Metros and other rapid transit systems increase the mobility of urban populations while decreasing congestion and pollution. There are now 187 cities with a metro system in the world, 45 of which were inaugurated in the 21st century. The design of a rapid transit system is a hard problem involving several players, multiple objectives, sizeable costs and a high level of uncertainty. Operational research techniques cannot fully solve the problem, but they can generate alternative solutions among which the decision makers can choose, and they be employed to solve some specific subproblems. The scientific literature on rapid transit location planning has grown at a fast rate over the past 20 years. This chapter provides an account of some of the most important results. It first describes the main objectives and indices used in the assessment of rapid transit systems. It then reviews the main models and algorithms used to design such systems. The case of a single alignment and of a full network are treated separately. Then follows a section on the location of stations on an already existing network.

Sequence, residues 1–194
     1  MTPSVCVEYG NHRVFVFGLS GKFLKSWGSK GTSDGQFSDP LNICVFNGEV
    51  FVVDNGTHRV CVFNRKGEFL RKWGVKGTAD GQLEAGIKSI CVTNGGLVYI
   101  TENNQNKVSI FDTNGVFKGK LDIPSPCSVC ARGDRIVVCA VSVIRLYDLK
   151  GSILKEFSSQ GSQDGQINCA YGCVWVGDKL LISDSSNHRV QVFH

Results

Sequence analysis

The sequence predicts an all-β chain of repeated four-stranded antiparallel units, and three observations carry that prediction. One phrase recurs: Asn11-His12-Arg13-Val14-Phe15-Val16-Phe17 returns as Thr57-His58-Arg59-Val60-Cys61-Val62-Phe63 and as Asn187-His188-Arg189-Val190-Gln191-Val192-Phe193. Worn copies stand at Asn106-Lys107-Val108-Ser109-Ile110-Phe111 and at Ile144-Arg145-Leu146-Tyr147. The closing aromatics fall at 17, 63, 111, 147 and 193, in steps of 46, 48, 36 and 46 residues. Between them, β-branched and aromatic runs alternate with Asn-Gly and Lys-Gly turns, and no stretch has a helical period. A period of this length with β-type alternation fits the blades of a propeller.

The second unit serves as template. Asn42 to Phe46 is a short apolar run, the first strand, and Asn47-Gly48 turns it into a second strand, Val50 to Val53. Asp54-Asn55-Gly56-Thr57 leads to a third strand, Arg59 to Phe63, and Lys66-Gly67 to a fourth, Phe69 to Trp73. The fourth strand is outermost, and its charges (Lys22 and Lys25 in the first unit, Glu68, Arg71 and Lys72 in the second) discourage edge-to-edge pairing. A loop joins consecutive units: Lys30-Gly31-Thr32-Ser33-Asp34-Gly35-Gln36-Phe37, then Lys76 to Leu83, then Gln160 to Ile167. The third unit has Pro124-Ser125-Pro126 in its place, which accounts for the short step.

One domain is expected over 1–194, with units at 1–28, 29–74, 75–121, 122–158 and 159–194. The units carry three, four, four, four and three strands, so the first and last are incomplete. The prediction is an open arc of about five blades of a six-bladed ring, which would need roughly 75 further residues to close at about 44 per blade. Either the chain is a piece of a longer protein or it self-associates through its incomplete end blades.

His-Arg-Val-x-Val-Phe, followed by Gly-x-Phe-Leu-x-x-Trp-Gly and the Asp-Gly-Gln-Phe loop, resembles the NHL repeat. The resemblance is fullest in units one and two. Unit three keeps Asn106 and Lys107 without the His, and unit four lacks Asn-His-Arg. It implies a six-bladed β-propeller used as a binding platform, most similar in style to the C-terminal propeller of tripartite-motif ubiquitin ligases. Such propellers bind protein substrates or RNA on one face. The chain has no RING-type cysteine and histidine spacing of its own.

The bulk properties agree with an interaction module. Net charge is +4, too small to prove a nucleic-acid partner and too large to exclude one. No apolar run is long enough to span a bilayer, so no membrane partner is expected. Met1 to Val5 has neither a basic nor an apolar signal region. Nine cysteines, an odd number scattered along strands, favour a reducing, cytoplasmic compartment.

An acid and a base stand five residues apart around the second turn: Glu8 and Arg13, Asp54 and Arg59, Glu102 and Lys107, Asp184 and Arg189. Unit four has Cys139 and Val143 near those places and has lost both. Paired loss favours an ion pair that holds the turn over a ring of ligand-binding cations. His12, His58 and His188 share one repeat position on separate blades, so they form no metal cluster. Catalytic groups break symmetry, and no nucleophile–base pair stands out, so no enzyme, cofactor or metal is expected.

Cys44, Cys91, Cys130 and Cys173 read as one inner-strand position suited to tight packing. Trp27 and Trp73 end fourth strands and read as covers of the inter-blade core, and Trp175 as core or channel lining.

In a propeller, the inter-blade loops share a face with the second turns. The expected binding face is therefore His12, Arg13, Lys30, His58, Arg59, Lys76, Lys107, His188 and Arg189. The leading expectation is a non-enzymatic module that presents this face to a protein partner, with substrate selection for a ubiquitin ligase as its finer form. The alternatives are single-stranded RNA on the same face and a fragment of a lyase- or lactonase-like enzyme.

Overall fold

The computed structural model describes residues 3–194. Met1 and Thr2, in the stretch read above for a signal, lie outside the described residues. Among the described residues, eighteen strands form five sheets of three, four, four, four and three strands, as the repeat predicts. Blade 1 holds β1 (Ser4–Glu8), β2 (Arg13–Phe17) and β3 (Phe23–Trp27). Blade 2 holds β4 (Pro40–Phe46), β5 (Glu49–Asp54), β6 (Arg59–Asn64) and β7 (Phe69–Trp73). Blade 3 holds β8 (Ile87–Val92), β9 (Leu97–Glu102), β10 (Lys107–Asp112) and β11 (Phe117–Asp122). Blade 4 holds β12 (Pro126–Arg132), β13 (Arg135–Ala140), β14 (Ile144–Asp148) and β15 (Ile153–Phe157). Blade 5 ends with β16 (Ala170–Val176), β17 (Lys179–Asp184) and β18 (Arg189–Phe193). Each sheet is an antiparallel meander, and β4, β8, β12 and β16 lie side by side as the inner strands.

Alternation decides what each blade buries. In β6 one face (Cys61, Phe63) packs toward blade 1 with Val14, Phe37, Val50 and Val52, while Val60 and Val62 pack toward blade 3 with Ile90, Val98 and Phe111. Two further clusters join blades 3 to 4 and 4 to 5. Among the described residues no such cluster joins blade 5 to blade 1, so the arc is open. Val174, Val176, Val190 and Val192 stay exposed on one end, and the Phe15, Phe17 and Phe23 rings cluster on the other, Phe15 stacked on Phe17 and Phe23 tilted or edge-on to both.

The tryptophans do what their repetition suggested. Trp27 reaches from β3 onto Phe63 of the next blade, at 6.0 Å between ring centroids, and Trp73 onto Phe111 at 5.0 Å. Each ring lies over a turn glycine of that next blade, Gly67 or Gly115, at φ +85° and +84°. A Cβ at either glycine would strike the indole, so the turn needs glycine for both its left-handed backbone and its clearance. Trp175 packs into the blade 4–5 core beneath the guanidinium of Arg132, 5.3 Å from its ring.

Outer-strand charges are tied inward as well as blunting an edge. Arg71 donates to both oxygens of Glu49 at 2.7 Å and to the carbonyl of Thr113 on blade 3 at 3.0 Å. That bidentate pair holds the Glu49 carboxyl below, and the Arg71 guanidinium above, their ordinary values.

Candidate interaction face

Published February 2014 , 13 pages
This cahier was revised in May 2018